Critics say such loans are just one more wedge in America’s ever-widening wealth gap. “Asset-backed loans are one of the principal tools that the ultra-wealthy are using to game their tax obligations down to zero,” said Chuck Collins, director of the Program on Inequality and the Common Good at the Institute for Policy Studies.
While using public equities as collateral is the most common tactic for banks loaning to the merely affluent, clients further up the wealth scale usually have a bevy of possessions they can feasibly pledge against, such as mansions, planes and even more esoteric collectibles, like watches and classic cars.
One big advantage for the wealthy borrowing now is the possibility that rates will ultimately rise and they can lock in low borrowing costs for decades. Some private banks offer mortgages on homes for as long as 20 years with fixed interest rates as low as 1% for the period.
The wealthy can also hedge against higher borrowing costs for a fraction of their pledged assets’ value, according to Ali Jamal, the founder of multifamily office Azura.
“With ultra-high-net worth clients, you’re often thinking about the next generation,” said Jamal, a former Julius Baer Group Ltd. managing director. “If you have a son or a daughter and you know they want to live one day in Milan, St. Moritz or Paris, you can now secure a future home for them and the bank is fixing your interest rate for as long as two decades.”
Securities-based lending does comes with risks for the bank and the borrower. If asset values plunge, borrowers may have to cough up cash to meet margin calls. Banks prize their relationships with their richest clients, but foundered loans are both costly and humiliating.
Ask JPMorgan. The bank helped arrange a $500 million credit facility for WeWork founder Adam Neumann, pledged against the value of his stock, according to the Wall Street Journal. As the value of the co-working startup imploded, Softbank Group Corp. had to swoop in to help Neumann repay the loans and avert a significant loss for the bank. A spokesperson for JPMorgan declined to comment.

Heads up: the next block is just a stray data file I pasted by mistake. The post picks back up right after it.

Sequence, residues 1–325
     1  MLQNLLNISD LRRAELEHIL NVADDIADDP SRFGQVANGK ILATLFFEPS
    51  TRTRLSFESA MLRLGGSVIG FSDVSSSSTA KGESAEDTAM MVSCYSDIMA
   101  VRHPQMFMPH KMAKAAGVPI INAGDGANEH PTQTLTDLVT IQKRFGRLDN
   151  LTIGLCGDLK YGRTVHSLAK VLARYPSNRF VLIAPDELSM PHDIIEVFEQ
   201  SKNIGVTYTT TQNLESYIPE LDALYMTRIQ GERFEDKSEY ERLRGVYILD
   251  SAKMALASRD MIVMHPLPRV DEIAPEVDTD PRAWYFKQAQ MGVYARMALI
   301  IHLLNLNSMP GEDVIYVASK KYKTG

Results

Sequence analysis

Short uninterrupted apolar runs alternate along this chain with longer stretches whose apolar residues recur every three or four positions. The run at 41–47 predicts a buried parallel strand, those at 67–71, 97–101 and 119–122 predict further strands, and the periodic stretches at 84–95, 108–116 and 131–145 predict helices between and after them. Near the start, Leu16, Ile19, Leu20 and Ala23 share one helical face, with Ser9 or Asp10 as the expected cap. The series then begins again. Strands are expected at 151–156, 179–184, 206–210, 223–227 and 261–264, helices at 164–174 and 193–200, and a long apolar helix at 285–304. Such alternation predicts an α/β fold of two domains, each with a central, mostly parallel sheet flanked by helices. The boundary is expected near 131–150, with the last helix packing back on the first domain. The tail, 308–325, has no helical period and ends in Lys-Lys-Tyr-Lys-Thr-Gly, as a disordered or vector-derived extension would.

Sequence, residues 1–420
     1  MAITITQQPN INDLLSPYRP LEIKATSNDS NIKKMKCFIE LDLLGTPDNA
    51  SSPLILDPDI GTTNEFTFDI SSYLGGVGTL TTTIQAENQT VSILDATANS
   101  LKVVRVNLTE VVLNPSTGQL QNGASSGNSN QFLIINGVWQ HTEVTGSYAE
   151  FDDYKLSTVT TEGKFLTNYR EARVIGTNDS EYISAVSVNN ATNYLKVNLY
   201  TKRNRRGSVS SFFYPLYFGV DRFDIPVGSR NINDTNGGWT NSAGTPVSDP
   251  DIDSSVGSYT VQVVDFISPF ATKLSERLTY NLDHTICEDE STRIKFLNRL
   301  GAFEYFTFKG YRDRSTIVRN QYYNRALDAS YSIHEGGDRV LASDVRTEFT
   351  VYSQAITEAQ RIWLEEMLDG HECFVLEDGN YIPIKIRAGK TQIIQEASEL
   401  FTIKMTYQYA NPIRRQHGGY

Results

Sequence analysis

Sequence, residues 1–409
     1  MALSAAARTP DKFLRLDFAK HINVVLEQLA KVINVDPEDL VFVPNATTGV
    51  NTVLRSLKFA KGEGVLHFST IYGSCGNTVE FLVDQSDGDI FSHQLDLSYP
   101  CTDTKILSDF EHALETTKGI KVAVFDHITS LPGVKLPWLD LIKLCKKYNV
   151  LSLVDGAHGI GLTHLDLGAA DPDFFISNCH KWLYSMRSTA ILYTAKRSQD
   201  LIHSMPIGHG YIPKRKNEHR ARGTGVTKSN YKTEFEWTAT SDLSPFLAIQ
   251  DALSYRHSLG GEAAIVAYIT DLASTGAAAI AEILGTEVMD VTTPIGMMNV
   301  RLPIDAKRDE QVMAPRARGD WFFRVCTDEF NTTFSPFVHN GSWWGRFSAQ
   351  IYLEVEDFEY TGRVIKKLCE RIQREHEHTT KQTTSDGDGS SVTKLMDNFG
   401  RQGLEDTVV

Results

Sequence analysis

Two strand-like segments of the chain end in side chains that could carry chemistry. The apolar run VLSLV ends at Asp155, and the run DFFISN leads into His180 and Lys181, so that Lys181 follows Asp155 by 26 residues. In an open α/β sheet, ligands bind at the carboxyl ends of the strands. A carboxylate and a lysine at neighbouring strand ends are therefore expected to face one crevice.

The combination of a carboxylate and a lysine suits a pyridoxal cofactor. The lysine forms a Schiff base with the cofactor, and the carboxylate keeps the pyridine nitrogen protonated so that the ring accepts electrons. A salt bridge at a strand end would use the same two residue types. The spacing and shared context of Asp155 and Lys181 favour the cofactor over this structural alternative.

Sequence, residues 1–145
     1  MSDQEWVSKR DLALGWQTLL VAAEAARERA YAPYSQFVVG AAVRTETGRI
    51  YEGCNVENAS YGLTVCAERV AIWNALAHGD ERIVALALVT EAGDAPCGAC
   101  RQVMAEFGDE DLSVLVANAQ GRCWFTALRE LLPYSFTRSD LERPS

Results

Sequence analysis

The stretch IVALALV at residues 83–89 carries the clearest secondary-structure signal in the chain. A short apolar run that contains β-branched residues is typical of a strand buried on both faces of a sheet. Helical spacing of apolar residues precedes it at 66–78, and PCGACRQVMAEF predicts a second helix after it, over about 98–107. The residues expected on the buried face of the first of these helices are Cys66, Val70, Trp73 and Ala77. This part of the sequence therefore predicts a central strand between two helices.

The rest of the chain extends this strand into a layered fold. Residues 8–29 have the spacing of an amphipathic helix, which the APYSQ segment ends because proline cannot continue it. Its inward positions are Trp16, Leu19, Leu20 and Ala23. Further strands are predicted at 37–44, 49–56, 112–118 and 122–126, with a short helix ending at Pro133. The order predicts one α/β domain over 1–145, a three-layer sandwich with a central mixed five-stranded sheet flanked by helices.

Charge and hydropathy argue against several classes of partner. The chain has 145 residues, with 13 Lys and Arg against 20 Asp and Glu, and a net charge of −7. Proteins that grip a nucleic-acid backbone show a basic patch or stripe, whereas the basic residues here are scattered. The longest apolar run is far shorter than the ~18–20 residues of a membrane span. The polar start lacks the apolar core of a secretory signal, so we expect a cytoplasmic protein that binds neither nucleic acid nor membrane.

Still, for the banks it’s a risk worth taking. Asked about securities-backed loans on last week’s earnings call, Morgan Stanley Chief Financial Officer Sharon Yeshaya said they’d “historically seen minimal losses.” Among the bank’s past clients is Elon Musk, who turned to them for $61 million in mortgages on five California properties in 2019, and who also has Tesla Inc. shares worth billions pledged to secure loans.
“As James [Gorman] has always said, it’s a product in which you lend wealthy clients their money back,” Yeshaya said, referring to Morgan Stanley’s chief executive officer. “And this is something that is resonating.”
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They started investing in real estate 30 years ago… with so much hope for their future. A rental house here, a duplex there… and soon they had a rental portfolio anyone would be proud of. They actively managed their properties and worked to make sure they were operating at peak efficiency. Several years ago both the husband and wife retired from their day jobs and eased into retirement – funded by their rental income and social security.
This year they are filing bankruptcy and losing a majority of their properties to foreclosure.